Theorem 3 (Distance to ).

Let . Denote the strong convexity parameter for all the good samples. Let

Suppose at iteration, the stepsize is set as , then conditioned on the current parameter , the expectation of the distance between the and can be upper bounded as:

(13)

where

Theorem 3 implies that for any stochastic algorithm in the both noisy and noiseless setting, outliers can make the upper bound () much worse as it produces an extra term (the third term in ). The third term in has a lower bound that could be an increasing function of . However, its impact can be reduced by appropriately setting , for instance using a larger in MKL-SGD. In the appendix, we also provide a sufficient condition (Corollary 1 in the Appendix) when MKL-SGD is always better than standard SGD (in terms of its distance from in expectation).

The convergence rate depends on the constant . Note that this term is not too small for our algorithm MKL-SGD since it is a minimum among all the good sample (not including the outliers). However, when compared with vanilla SGD where , with defined in (3) for MKL-SGD, in some sense, could be smaller than . For instance, in the experiments given in Figure 5 (a)-(c) (Appendix 8.4.1), the slope of SGD is steeper than MKL-SGD, which implies that .

To understand the residual term . Let us take the noiseless setting with outliers for an example. We have and for all . But for , and . Then the term can be reduced to

(14)

If we are at the same point for both SGD and MKL-SGD and for , we have . It means that MKL-SGD could reach to a neighbor with a radius that is possibly smaller than vanilla SGD algorithm, with a rate proportional to but not necessarily faster than vanilla SGD.

Figure 3: Comparing the performance of MKL-SGD () and SGD for different values of in noiseless and noisy linear regression against varying fraction of outliers.

6 Experiments

In this section, we compare the performance of MKL-SGD  and SGD for synthetic datasets for linear regression and small-scale neural networks.

6.1 Linear Regression

For simple linear regression, we assume that

are sampled from normal distribution with different condition numbers.

where is a diagonal matrix such that and for all ). For the noisy case, we assume additive Gaussian noise with mean and variance . We compare the performance of MKL-SGD and SGD for different values of (Fig. 3) under noiseless and noisy settings against varying levels of corruption . It is important to note that different values correspond to different rates of convergence. To ensure fair comparison, we run the algorithms till the error values stop decaying and take the distance of from the exponential moving average of the iterates.

Dataset MNIST CIFAR10
Optimizer SGD MKL-SGD Oracle SGD MKL-SGD Oracle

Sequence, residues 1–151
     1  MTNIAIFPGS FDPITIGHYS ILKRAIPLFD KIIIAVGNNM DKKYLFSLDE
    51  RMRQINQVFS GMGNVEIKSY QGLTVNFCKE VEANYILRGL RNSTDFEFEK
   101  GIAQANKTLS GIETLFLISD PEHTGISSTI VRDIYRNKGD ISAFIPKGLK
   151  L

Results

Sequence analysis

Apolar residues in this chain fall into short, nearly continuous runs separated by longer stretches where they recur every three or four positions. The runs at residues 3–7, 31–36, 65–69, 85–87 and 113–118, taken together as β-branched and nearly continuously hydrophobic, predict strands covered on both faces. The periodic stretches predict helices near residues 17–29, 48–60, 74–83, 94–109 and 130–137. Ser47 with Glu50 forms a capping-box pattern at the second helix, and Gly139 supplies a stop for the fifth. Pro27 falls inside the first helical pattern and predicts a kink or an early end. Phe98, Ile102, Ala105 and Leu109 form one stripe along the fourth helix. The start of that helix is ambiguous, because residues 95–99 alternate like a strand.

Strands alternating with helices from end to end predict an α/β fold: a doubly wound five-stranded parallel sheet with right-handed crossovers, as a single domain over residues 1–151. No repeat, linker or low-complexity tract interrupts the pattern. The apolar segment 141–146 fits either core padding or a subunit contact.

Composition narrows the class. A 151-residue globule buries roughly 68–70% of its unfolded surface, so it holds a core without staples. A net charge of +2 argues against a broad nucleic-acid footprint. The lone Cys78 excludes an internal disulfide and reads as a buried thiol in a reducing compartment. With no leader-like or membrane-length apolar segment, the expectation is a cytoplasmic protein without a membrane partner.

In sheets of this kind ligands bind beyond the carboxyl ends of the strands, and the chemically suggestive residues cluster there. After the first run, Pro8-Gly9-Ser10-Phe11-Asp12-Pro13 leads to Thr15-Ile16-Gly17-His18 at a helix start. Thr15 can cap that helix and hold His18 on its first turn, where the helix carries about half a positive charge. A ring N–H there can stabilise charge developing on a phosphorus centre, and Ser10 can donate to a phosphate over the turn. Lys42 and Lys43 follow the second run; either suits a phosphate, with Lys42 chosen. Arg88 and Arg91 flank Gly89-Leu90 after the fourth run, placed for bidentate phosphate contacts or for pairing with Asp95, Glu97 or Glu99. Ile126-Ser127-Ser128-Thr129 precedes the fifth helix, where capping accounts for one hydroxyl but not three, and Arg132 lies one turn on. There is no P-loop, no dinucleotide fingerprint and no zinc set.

96.76 96.49 98.52 79.1 81.94 84.56
92.54 95.76 98.33 72.29 77.77 84.40
85.77 95.96 98.16 63.96 66.49 84.66
71.95 94.20 97.98 52.4 53.57 84.42
Table 1: Comparing the test accuracy of SGD and MKL-SGD() over MNIST and CIFAR-10 datasets in presence of corruptions via directed label noise.

6.2 Neural Networks

For deep learning experiments, our results are in presence of corruptions via the directed noise model. In this corruption model, all the samples of class

that are in error are assigned the same wrong label . This is a stronger corruption model than corruption by random noise (results in Appendix). For the MKL-SGD algorithm, we run a more practical batched (size ) variant such that if the algorithm picks samples out of sample loss evaluations. The oracle contains results obtained by running SGD over only non-corrupted samples. More experimental results on neural networks for MNIST and CIFAR10 datasets can be found in the Appendix.

Mnist:

We train standard 2 layer convolutional network on subsampled MNIST ( samples with labels). We train over 80 epochs using an initial learning rate of with the decaying schedule of factor after every epochs. The results of the MNIST dataset are averaged over 5 runs.

Cifar10:

We train Resnet-18 [13] on CIFAR-10 ( training samples with labels) for over epochs using an initial learning rate of with the decaying schedule of factor after every epochs. The reported accuracy is based on the true validation set. The results of the CIFAR-10 dataset are averaged over runs.

Lastly, in Fig. 4, we show that for a neural network MKL-SGD typically has a higher training loss but smaller test loss which partially explains its superior generalization performance.

Figure 4: Comparing training loss, test loss and test accuracy of MKL-SGDand SGD. Parameters: , , . The training loss is lower for SGD which means that SGD overfits to the noisy data. The lower test loss and higher accuracy demonstrates the robustness MKL-SGDprovides for corrupted data.

7 Conclusion and Future Work